The Evangelists Who Hoard for the Lord, and Refuse to Render unto Caesar

By MoneyWeek
July 11, 2008

“It is not yours, it is God’s, and you are not going to get it.”  So says Kenneth Copeland, one of America”s most influential charismatic evangelists, girding his loins for a protracted war with the US authorities over tax.

Copeland is one of six “televangelists”  facing investigation for alleged financial wrongdoing, says The Times. But not all of them share his claim that God and money are intimately linked. Copeland preaches the doctrine of “prosperity theology” : the faithful, he says, will be rewarded with financial as well as spiritual rewards ” “ especially if they dig deep for the Church. “You are not created for poverty,”  he booms to his congregation, encouraging them to deposit cash in a donation envelope, across which is written: “I am sowing $___ and believing for a hundredfold return.” 

The Lord has certainly blessed Copeland and his wife Gloria, who together preside over the Texas-based Eagle Mountain International Church, aka the Kenneth Copeland Ministries, and draw record audiences with their daily “Believers’ Voice of Victory”  broadcasts. The senate report on their finances claims that the ministry built them a “parsonage”  the “size of an hotel”  and got them a $20m Cessna Citation X Jet. Copeland’s son counters that the jet ” “ which came his father’s way after “the Lord spoke to me and said you’re gonna believe for a Citation X, right now”  ” “ is “just a tool to use in the ministry” .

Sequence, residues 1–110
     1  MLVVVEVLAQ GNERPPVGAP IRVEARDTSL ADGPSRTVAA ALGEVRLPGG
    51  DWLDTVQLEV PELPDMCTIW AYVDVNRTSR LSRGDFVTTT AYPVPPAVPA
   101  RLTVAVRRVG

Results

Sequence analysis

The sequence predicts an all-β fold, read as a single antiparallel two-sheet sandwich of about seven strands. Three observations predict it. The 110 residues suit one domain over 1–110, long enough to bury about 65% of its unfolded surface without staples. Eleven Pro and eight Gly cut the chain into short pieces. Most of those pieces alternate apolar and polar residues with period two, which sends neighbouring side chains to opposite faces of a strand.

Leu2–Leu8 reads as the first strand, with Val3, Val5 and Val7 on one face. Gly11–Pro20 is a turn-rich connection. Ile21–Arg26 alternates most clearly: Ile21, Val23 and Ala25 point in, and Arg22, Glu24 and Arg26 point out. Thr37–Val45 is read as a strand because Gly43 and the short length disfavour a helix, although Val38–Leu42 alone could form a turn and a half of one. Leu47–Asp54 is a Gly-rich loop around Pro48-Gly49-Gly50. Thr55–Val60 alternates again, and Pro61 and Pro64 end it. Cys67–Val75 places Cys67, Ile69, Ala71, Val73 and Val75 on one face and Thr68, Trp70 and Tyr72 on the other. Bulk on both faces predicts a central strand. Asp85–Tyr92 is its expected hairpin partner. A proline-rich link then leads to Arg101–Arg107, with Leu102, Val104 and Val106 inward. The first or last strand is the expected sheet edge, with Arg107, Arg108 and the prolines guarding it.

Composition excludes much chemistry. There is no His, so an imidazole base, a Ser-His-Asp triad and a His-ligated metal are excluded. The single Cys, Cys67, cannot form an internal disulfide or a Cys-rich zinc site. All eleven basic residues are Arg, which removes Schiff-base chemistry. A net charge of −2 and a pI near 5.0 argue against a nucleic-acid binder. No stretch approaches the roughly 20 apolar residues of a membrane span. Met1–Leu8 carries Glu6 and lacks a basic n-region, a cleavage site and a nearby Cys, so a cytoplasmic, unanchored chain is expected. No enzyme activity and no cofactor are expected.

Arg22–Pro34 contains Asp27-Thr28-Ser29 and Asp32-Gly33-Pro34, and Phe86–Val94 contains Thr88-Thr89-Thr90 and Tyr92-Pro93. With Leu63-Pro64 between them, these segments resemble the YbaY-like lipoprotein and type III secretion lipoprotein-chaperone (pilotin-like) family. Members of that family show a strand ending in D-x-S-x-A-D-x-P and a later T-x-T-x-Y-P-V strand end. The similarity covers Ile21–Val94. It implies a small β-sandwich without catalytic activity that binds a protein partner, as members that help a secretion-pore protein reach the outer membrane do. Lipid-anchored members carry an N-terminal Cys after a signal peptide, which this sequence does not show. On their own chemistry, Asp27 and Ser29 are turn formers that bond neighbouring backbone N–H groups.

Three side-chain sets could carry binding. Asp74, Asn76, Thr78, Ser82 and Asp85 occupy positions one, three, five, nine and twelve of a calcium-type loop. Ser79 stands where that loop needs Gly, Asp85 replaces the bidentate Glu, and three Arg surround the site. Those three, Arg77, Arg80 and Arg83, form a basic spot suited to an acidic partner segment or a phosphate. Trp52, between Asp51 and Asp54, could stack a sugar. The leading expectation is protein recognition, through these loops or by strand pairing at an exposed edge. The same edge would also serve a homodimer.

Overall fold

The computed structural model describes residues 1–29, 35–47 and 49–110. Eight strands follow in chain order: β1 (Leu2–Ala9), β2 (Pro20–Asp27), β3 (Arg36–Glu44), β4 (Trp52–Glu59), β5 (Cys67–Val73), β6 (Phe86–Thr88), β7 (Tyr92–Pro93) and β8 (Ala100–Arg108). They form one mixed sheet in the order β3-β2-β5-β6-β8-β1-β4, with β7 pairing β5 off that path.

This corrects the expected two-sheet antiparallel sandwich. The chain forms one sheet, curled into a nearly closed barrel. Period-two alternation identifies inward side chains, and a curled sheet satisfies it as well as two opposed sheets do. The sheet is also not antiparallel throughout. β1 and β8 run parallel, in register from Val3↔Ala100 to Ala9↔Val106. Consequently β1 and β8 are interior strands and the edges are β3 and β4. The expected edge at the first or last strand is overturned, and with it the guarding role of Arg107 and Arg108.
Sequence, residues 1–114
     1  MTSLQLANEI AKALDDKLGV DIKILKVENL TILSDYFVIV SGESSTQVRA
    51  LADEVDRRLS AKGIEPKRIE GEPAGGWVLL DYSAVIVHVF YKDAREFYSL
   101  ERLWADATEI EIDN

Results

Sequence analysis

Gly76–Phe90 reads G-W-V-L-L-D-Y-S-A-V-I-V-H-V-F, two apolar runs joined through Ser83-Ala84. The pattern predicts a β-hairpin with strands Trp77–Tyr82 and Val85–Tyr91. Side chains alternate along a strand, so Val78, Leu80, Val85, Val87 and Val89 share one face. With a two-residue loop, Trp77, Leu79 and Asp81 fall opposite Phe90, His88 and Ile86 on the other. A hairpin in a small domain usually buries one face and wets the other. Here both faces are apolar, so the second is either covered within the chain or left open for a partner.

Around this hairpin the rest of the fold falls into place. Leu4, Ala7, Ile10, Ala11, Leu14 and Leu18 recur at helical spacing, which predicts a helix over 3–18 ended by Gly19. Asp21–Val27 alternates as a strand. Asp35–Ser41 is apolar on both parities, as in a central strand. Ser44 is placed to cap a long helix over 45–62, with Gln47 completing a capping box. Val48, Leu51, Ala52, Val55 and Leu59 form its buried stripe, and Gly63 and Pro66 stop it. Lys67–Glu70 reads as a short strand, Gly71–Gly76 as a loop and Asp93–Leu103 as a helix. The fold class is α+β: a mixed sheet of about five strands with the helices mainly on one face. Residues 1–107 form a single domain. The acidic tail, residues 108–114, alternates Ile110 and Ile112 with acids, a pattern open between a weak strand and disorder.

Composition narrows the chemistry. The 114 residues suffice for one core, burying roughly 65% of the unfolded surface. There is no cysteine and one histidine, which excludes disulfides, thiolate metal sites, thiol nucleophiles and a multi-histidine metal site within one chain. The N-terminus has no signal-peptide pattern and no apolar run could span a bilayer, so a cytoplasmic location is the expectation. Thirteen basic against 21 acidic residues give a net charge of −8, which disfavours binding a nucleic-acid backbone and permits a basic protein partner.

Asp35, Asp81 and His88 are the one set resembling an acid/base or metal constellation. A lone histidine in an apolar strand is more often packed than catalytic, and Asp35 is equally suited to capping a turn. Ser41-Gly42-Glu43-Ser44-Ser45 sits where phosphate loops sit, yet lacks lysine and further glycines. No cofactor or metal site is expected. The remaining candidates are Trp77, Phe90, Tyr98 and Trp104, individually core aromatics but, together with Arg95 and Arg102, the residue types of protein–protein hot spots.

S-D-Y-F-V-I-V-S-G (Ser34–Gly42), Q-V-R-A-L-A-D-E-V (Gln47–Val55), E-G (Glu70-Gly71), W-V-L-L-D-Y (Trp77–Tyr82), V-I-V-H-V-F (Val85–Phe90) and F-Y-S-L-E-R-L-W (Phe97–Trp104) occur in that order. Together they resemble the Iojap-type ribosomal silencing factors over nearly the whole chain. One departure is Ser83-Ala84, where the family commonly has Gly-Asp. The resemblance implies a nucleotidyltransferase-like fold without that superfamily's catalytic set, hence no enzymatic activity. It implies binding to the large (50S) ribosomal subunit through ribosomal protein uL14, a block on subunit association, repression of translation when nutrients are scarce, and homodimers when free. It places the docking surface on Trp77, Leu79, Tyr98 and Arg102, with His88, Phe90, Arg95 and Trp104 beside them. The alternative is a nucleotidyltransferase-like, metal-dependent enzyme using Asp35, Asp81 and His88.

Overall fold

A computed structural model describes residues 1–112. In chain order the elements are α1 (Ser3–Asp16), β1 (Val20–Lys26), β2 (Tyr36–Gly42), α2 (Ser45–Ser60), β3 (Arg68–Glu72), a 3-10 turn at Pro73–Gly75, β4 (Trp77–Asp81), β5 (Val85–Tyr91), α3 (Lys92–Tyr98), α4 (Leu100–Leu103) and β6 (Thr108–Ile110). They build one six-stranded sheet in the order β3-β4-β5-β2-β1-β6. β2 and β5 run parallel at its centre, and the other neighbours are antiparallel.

But it is at the heart of the row over tax and churches splitting the American public. As The American Spectator points out, the targeting of churches could have a “chilling effect” . American ministries are exempt from taxation precisely “to prevent the government from using its taxing power to constrain the freedom of religion” ¦ guaranteed under the First Amendment” .

True, counters Senator Charles Grassley. But there is evidence that some ministers have been abusing this privilege by channelling funds into lavish lifestyles and lucrative sidelines. Professional televangelist investigator Ole Anthony goes further. “They live like Middle Eastern potentates,”  he told the Canadian National Post. “They’re just the antithesis of what an evangelist should be.” 

Certainly, Copeland’s private airstrip and his for-profit company, Security Petrol ” “ which acquired oil, gas and mineral interests from the ministry ” “ might not please St Francis of Assisi. Senators are also asking about a planned hotel and retirement community that Copeland Ministries has asked donors to support.

Kenneth Copeland hasn’t moved far from his Texan roots, notes the The Fort Worth Star-Telegram, but he’s always made the most of his gift for the common touch. He was a pop singer before his marriage and Christian conversion. An early mentor was Oral Roberts, a “neo-Pentecostal”  televangelist. Copeland took a job as Robert’s pilot, but claims he and Gloria were “drowning in debt”  until they found prosperity theology (see below) and formed their own ministry.

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